The history of criminal legislation in England and in many countries shows that an excessive prominence was given by law to the protection of property. * * According to William Chambliss, such laws were largely unnecessary * in feudal society were land, unmoveable property, was the main source * of wealth and landowners were the undisputed masters of the * economic resources of the country. * * However, with the increasing importance of trade and commerce, which involve movable property, and the eventual removal of feudalism by capitalism resulted in vast numbers of laws protecting the interests of the emerging class. Chambliss argues.... * * * * The heart of the capitalist system is the protection of private property, which is, by definition, the cornerstone upon which capitalistic economies function. It is not surprising, then, to find that criminal laws reflect this basic concern. * * * Snider: Big Corporations Benefit from the Legal System * * * * Lauren Snider notes that capitalistic state is often reluctant to pass laws, which regulate big business concerns, which might threaten profitability. She notes that capitalist states often use vast sums to attract investment from big corporations. They offer new investors... * * Tax concessions * Cheap loans * Grants * Build infrastructures to help capitalism. * Snider suggests having offered this the state is unwilling to enforce laws against pollution, workers health, and safety; or monopolies

Bhopal - The Dangers of Unrestricted Capitalism

The events surrounding the tragedy at Bhopal provide a good case study of how capitalist enterprises can be supported by the state on a global scale. Union Carbide, an American owned multi-national company, set up a pesticide plant in Bhopal. In 1984, the plant accidentally leaked deadly gas fumes into the surrounding atmosphere. The leakage resulted in over 2,00- deaths and numerous poisonous related illnesses including blindness. Investigations since have revealed that the company set up this particular plant because pollution controls in India were less rigid than in the USA. In Snider’s terms (1993), the Indian State supported such capitalist development in the interests of allowing profits to be made. Marxists would point out that there have been no criminal charges despite the high death and injury toll. They would see the company owners as the true criminals in this scenario.

| NAME | Raisa Bee | | AGE | Died aged 16 | | AGE AT DISASTER | 4 | | NEIGHBOURHOOD | Teela Jamalpura |

| She died at 6.45 in the morning of 31st October 1996 in the TB Hospital. She was four years old when she was severely exposed to Carbide's toxic gases. In the interview her mother gave she recalled, "That night my little daughter was vomiting all over the place and soiling her clothes over and over. She was coughing and gasping for breath and crying that her eyes were on fire.. She was very ill for over a week and we thought the worst was over. A few months later her problems worsened and she would get acutely breathless and bring out sputum when she coughed. She continued to have burning sensation in the eyes. She got weaker and weaker and was wheezing all the time. She lost her appetite for food and stayed depressed all the time. Then we spotted streaks of blood in her sputum. We took her to different doctors and hospitals but her condition did not improve. She vomited a lot of blood before she died." The medical records available with her mother show that Raisa was admitted at the JLN Hospital on 7.8.'96 for 20 days with complaints of breathlessness, cough and anxiety attacks. Chest x-ray report dated 30.10.'96 from the TB Hospital mentions "Bilateral infiltration with cavity formation left mid zone". All three doctors in the assessment panel in the Sambhavna Clinic's Verbal Autopsy project have opined that Raisa's death is attributable to her exposure to Carbide's gases and the injuries caused to her respiratory and neuropsychiatric systems. In their opinions tuberculosis was a complication that arose out of the injury caused to her lungs. No claim for compensation for Raisa's death has been registered. |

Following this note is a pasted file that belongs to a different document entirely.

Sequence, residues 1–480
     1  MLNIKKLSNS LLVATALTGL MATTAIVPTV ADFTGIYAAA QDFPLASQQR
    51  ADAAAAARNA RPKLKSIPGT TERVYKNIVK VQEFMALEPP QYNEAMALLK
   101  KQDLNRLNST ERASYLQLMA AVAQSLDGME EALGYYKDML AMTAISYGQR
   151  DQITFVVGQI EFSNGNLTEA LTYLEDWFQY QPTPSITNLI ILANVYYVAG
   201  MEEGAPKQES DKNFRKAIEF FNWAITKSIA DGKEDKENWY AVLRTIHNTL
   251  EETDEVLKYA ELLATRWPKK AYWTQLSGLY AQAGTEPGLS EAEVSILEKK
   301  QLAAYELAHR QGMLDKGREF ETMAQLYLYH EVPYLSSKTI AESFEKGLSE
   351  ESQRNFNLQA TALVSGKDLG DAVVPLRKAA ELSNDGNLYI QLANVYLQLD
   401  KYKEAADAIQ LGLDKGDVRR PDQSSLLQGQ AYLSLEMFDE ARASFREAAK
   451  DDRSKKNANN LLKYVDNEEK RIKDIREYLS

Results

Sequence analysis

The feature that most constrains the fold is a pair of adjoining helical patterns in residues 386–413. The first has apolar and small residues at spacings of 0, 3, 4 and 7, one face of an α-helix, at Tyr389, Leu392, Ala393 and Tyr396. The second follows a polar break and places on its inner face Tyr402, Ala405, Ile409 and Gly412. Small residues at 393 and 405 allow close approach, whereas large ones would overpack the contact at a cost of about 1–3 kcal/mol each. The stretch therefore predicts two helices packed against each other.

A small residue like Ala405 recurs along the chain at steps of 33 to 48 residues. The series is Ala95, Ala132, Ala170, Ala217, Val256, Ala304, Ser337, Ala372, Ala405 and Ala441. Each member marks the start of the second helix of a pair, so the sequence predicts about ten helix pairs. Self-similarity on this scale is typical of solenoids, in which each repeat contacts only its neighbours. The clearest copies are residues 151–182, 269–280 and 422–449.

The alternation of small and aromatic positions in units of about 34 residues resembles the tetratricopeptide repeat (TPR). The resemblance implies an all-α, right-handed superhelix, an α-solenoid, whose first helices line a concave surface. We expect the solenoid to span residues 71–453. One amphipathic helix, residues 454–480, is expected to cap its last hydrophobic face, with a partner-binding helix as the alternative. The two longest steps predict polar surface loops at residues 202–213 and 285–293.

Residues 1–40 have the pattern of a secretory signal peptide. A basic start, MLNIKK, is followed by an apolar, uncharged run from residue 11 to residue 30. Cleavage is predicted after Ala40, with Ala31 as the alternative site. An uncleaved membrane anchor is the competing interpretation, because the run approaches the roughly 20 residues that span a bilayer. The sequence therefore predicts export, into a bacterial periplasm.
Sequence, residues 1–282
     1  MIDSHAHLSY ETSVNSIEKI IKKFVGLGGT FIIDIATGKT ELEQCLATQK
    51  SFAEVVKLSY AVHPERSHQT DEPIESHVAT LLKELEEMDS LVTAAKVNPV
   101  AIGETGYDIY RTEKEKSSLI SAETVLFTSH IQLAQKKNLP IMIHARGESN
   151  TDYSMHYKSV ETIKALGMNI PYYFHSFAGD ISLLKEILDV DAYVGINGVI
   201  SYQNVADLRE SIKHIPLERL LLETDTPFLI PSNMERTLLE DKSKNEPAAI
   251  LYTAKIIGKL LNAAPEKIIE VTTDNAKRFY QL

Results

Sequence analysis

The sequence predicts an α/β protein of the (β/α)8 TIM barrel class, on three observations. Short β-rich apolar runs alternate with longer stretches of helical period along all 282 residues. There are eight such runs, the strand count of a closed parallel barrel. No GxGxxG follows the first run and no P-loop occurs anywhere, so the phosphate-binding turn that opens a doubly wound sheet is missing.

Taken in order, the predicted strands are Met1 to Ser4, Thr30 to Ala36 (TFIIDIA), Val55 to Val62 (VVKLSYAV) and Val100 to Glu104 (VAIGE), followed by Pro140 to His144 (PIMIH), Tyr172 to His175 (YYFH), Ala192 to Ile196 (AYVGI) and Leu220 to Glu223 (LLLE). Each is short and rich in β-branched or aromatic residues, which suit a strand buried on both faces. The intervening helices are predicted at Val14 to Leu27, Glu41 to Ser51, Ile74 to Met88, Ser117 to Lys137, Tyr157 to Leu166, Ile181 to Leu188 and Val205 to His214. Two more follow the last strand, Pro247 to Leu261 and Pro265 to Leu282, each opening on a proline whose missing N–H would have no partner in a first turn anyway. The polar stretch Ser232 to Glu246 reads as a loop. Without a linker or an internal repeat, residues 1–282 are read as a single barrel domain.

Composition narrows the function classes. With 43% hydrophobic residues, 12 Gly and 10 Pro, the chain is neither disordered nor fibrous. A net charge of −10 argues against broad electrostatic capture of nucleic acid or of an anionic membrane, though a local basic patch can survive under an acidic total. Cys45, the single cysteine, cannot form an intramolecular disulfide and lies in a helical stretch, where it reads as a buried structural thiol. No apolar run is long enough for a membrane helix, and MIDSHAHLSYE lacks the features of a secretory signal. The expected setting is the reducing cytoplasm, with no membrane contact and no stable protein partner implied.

The Guinness Affair

This case involved fraudulent leaks to the financial markets by Guinness directors, which artificially boosted the price of Guinness shares. The directors concerned made sizeable profits from the company directly and indirectly for themselves. One of the convicted offenders, Gerald Ronson, (one of Britain’s 100 richest people) received a one-year sentence in Ford Open Prison and was released on parole after serving about 6 months. During his time in prison, he had access to a telephone, and his wife continued to run the group of companies he owned. Since his release, he has continued to be a successful businessman. Another of the convicted offenders, Ernest Saunders, received a five-year sentence and was released after about 18 months because of being diagnosed as suffering from Alzheimer’s disease. Since then, it has proved to be a false diagnosis and Ernest Saunders has now a successful business consultant.

Exercise One